During the dates, participants shared with one another work they had done on cell phones and tablets, and exchanged information, making plans to talk in the future. Daters everywhere were rapt in conversation, and you could see an occasional wild hand gesturing in excitement.
Have you ever wondered what can spark collaboration between artists and scientists? Witness as first “dates” unfold between two featured pairs of artists and scientists, and then have your turn at meeting potential collaborators of your opposite discipline.
The Superhero Clubhouse eco-theater group will be putting on a double-billed performance –Don’t Be Sad Flying Ace! and Field Trip: A Climate Cabaret- on November 2nd and 3rd at the Theater at the 14th St. Y, 344 East 14th Street (between 1st and 2nd Aves).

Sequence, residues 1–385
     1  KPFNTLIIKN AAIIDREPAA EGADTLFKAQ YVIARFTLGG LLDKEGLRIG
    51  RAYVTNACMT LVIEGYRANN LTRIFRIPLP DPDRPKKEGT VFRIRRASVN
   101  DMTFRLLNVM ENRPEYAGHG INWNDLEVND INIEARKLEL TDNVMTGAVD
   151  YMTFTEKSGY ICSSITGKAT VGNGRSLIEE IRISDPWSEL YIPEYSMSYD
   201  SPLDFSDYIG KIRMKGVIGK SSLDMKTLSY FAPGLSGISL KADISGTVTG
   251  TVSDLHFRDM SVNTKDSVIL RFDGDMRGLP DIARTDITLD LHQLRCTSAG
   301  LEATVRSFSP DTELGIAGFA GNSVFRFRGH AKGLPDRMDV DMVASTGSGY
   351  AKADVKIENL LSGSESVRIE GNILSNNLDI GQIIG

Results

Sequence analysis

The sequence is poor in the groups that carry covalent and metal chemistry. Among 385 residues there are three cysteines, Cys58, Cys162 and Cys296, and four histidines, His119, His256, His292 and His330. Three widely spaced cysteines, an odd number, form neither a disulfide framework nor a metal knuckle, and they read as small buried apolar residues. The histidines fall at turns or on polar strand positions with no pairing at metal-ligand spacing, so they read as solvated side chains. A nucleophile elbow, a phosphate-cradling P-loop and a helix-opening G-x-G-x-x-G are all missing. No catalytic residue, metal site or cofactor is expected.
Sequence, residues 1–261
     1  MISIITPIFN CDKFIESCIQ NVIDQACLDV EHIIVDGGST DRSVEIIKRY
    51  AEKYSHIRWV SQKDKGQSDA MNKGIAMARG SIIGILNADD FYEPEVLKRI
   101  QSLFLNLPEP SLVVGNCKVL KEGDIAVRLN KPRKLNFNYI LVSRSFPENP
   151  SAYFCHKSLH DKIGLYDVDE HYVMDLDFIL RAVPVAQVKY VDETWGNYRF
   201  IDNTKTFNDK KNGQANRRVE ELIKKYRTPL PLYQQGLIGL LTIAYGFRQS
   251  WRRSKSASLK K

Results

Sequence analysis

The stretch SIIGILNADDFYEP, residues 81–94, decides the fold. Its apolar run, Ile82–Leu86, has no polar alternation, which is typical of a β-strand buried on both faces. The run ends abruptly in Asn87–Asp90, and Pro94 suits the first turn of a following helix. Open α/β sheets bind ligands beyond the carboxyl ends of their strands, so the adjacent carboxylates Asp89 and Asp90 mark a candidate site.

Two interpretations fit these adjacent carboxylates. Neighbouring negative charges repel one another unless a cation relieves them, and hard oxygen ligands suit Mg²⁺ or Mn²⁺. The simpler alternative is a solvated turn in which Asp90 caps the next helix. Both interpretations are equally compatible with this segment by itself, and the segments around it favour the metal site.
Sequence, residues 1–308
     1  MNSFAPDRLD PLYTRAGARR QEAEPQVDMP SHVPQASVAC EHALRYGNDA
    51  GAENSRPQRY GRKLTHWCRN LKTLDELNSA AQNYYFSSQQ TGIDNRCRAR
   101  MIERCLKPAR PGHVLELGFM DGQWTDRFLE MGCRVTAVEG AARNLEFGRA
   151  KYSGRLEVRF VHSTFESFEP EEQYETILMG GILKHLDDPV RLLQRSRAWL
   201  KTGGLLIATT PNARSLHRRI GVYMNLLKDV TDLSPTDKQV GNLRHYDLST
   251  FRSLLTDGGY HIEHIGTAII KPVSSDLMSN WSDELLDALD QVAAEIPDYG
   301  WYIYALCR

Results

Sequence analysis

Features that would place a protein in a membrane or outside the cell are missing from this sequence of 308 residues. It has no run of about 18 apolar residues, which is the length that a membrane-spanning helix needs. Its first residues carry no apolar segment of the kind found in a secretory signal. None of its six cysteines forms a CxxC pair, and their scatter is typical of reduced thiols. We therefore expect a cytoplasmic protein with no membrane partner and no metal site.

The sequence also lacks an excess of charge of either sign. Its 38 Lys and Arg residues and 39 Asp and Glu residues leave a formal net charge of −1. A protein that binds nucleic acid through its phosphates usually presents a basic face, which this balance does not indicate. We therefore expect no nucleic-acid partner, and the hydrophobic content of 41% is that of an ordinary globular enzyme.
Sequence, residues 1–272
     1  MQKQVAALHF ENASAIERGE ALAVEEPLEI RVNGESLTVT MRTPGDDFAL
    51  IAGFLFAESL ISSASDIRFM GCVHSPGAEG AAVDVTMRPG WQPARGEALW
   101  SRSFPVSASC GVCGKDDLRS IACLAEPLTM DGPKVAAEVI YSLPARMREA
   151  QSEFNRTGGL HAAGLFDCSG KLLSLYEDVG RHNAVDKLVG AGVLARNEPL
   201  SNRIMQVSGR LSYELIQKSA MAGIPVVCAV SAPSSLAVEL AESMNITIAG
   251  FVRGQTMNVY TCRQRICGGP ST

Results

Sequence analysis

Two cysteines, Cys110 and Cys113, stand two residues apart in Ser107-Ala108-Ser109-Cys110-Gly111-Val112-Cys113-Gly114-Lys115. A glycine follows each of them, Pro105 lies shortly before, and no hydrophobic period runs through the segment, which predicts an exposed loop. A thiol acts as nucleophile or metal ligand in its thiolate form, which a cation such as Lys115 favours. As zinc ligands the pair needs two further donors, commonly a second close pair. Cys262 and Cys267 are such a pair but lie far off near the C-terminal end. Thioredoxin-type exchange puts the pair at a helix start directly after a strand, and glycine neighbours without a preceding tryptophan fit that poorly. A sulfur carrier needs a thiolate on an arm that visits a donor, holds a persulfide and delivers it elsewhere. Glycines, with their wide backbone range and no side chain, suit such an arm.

Last week I expressed some skepticism that art and climate science were complementary languages. I also expressed some hope that the nature of these two fields – that is, that they both are ways of better knowing the world – really were reconcilable, and could create a better robustness of understanding the natural world. I’m glad [...]
On Thursday I’ll be attending Illuminating the Science: Art and Climate Change. The event’s project is surely ambitious. It claims not only that climate data might be better communicated, or made more robust, through the arts, but that indeed “the landscape of numbers can be populated by dreams in the form of images, dance or music, [...]